The unemployment rate will remain above 6.5 percent throughout 2014 and into 2015, according to two economists from the Cleveland Federal Reserve, whose forecast is more pessimistic than the central bank’s official projection that the rate would drop to that level by the middle of next year.
The paper, published Wednesday by Edward Knotek and Saeed Zaman, predicts when unemployment will hit the 6.5 percent threshold set by the central bank as an indicator that the economic recovery is strong enough to modify Fed policy. “Based on our model, the single most likely scenario is for the unemployment rate to cross its threshold by the third quarter of 2015,” the economists write.
The report tosses some cold water on optimism about job growth. Friday’s monthly jobs report came in above projections, with 203,000 jobs added in November rather than the 185,000 economists expected, but there was only marginally above average monthly job growth for the past year. Knotek and Zaman’s work suggests that the November report isn’t a sign of some sort of rapid take-off in the rate of job growth. The Cleveland Fed researchers are not alone in that view. As economist Justin Wolfers noted Friday, the new official jobs data was strong but not a dramatic departure from the trend of the past few years:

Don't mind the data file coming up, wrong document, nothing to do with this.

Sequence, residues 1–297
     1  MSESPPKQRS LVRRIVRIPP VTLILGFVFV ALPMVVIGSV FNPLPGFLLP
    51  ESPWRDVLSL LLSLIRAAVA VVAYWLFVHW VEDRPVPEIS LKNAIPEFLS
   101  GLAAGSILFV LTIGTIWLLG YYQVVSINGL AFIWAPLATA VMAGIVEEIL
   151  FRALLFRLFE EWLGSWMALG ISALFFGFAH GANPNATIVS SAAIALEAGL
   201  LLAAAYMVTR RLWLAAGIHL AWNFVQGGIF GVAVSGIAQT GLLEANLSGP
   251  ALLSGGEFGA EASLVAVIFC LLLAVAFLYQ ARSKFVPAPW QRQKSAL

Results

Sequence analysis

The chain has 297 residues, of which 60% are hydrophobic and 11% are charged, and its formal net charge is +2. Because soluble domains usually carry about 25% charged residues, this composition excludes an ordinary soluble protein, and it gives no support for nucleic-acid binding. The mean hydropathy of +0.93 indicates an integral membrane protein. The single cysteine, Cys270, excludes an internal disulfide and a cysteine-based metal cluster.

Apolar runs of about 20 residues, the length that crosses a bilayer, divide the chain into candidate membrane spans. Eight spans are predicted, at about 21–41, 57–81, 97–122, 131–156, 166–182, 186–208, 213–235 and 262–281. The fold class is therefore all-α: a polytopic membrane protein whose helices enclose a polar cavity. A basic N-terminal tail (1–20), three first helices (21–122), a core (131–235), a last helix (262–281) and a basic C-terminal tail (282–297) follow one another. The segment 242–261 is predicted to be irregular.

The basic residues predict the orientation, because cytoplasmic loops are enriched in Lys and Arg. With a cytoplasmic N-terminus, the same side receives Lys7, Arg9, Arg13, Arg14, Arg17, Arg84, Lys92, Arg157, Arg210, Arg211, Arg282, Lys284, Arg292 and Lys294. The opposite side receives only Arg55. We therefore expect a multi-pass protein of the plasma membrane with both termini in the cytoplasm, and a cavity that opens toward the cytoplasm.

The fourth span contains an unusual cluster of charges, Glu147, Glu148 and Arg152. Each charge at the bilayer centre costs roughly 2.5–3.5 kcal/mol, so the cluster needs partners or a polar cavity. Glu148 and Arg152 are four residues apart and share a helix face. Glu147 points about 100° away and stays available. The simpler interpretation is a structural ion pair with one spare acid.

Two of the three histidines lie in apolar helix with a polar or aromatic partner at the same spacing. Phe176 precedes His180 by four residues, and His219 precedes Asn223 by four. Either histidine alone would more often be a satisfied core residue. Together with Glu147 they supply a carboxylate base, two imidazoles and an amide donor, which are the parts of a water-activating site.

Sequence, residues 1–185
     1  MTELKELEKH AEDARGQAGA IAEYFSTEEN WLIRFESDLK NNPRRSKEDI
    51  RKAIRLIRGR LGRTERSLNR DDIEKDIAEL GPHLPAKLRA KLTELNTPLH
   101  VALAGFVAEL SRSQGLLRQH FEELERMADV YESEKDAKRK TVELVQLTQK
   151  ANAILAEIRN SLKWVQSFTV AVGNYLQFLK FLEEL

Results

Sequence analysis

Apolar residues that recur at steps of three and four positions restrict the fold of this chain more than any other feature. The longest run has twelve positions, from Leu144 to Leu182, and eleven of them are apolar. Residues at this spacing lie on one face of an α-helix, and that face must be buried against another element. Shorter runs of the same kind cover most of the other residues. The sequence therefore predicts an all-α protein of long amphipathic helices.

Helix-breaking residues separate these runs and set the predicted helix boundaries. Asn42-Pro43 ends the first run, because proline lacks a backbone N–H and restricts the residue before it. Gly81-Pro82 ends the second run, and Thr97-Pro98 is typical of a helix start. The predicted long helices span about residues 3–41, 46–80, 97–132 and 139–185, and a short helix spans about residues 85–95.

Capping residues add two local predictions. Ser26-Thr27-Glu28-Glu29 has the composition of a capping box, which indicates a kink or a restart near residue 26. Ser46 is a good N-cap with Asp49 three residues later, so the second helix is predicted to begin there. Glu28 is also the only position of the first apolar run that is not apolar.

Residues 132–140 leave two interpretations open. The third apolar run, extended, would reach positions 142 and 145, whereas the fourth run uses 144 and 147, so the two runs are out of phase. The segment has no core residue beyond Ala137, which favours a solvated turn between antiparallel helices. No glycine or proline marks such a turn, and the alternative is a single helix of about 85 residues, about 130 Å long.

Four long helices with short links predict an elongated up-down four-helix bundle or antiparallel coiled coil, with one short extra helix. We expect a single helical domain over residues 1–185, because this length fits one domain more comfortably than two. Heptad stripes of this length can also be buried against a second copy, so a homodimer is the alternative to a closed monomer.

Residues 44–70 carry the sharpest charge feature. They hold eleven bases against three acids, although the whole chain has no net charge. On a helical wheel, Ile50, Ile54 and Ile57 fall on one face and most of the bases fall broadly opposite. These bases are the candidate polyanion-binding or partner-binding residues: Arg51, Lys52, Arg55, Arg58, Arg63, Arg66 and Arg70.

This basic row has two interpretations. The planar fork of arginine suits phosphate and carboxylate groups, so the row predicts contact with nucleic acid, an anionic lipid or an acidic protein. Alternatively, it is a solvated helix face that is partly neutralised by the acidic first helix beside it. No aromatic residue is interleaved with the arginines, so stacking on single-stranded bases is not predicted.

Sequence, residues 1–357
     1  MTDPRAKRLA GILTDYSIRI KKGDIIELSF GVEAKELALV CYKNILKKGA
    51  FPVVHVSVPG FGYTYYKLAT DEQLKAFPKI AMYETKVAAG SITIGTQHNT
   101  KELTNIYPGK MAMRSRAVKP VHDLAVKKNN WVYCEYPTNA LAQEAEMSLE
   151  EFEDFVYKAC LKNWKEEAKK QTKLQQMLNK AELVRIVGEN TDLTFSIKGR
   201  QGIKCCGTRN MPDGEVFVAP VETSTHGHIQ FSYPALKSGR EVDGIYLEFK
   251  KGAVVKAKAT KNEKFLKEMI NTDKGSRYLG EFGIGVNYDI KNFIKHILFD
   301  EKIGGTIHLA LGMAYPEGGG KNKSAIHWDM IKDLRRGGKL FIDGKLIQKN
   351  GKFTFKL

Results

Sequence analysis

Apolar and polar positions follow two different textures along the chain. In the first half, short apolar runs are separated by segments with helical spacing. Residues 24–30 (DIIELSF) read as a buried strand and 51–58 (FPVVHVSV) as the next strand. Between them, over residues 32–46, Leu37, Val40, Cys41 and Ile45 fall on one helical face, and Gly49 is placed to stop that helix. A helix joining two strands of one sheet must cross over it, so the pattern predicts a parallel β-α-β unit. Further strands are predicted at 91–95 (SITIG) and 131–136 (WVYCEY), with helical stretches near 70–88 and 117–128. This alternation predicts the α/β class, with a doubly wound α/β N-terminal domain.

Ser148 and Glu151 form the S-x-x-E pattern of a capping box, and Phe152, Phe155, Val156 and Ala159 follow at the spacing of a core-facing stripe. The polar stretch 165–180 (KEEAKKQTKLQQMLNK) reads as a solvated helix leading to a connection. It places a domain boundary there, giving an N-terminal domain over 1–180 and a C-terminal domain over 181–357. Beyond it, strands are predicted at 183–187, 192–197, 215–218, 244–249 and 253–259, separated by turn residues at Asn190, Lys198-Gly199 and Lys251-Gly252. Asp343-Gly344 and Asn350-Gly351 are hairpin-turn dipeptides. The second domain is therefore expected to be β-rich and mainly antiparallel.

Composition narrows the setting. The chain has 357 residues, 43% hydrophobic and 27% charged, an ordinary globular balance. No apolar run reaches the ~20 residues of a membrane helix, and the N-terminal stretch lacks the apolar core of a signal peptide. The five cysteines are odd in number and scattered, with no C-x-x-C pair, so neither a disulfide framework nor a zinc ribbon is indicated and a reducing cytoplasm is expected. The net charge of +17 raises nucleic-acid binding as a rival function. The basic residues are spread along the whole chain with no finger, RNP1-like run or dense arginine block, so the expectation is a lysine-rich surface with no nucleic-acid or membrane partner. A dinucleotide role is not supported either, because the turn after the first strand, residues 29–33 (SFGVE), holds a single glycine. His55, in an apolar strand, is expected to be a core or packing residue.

Despite the evidence that unemployment will remain quite high throughout the coming calendar year, Congressional Republicans are threatening that they won’t extend emergency unemployment benefits — the federal program that backstops state-level jobless insurance for the long-term unemployed — and leave over a million job-seekers without assistance. The long-term unemployed make up 37.3 percent of all unemployed people in Friday’s jobs report.
That is terrible news for people like Lillian Humphrey, a 62-year-old whose health problems forced her to leave her job at the start of 2013. She depends on emergency unemployment benefits to pay her bills and keep her house while she tries to find new work at an age where many employers are not willing to give her a position. Humphrey is one of over 2 million people who will likely drop into abject poverty over the coming year if emergency benefits are not extended.